Alternatively, patients may feel a burning sensation when they pass urine, pain in the lower back or an urgent need to urinate more frequently. If you are concerned about your health, please talk to our friendly staff, who will be happy to arrange for you to see a Melbourne urologist.
How is bladder cancer diagnosed?
A diagnosis might require an ultrasound, CT scan or urine analysis to confirm the presence of lesions. Once confirmed, your urologist will perform a cystoscopy (an examination of the bladder with a telescope) and resect the tumour down to the muscle wall. This resected tissue will then be sent for histological analysis in our on-site pathology lab to determine the stage of the cancer.
Staging: The TMN system
Staging describes the severity of the cancer and has important implications for treatment and overall outcomes.
- T: Tumour is contained in the bladder.
- M: The tumour has spread outside the bladder.
- N: The tumour has spread to the lymph node.
Transitional cell carcinoma is further classified by three levels, which describe the aggressiveness of the disease:
- Ta is contained within the bladder lining.
- T1 has spread to the bladder wall.
- T2 has spread to the muscle of the bladder wall.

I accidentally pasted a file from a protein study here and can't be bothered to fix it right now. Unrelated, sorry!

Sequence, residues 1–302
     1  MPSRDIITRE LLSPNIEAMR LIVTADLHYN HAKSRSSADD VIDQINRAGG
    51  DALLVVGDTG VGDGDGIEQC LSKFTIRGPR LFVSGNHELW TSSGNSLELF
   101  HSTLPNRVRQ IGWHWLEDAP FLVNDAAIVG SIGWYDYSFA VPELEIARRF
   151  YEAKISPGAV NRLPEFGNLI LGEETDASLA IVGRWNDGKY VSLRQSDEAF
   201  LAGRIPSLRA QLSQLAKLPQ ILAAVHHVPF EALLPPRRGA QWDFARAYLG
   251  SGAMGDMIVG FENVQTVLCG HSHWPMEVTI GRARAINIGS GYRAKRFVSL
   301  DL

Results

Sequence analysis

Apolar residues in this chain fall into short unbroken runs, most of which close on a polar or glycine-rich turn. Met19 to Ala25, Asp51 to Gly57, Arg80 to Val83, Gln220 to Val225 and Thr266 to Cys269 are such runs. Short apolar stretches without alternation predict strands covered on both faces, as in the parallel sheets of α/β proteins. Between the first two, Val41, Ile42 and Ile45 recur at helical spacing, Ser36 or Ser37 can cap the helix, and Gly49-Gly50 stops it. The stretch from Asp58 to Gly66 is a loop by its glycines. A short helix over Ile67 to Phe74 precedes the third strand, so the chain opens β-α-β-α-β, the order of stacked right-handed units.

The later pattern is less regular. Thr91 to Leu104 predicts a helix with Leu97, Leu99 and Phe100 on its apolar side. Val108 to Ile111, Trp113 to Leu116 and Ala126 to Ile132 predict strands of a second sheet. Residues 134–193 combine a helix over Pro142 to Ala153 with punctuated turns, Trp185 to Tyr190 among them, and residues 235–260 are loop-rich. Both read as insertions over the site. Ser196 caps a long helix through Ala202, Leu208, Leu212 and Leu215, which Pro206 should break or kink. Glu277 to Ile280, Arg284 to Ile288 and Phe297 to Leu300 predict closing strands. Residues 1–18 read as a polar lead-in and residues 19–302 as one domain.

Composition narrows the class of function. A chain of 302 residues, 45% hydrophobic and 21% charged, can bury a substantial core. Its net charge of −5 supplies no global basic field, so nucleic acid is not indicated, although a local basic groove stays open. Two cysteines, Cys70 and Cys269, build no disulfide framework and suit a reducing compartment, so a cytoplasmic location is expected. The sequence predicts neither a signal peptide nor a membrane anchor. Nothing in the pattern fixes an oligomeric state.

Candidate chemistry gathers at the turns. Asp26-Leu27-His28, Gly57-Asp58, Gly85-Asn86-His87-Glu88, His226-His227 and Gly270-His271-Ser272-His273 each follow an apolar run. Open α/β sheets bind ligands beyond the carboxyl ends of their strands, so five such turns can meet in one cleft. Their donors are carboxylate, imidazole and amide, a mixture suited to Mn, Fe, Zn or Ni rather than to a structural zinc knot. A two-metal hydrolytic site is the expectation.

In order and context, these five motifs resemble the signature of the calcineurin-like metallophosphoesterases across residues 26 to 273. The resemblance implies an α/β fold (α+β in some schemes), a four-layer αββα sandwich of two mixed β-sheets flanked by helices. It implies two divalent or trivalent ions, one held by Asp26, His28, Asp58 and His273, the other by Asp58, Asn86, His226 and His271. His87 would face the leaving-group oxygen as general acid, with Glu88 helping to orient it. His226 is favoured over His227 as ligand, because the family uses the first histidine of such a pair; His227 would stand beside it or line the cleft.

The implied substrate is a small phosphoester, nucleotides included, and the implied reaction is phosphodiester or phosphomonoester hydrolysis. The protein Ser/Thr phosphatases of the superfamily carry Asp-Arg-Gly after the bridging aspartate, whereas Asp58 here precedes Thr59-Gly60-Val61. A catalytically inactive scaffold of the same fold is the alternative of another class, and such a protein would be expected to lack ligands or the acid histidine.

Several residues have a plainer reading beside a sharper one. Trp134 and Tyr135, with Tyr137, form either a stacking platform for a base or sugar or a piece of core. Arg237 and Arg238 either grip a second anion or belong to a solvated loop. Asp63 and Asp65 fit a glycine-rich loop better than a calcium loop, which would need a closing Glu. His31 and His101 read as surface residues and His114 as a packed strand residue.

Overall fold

- T3 has invaded the fat surrounding the bladder.
- T4 has spread to nearby organs.
Most bladder cancers are caught at the Ta or T1 stage and have not spread outside the bladder yet. Only 10-20% of superficial cancers progress to T3 and beyond, although ongoing treatment is required to prevent resected tumours from reoccurring. Your urologist will discuss your treatment plan with you.
Most kidney tumours (80%) are malignant and typically present as renal cell carcinoma. Commonly associated with smoking, these tumours are found in the lining of the tubules. Symptoms may include lower back pain, fatigue, fever, blood in the urine or anaemia.
If you think you are at risk from this disease, or are concerned about the health of your kidneys, please book an appointment with Dr Zargar, who will be able to provide a diagnosis and advise on the best course of treatment.
Urinary stones are commonly associated with urinary infections, congenital kidney abnormalities, poor diet and a number of medical conditions. They may occur in the bladder, kidney or ureter, blocking urine flow and causing severe pain in the groin or abdomen.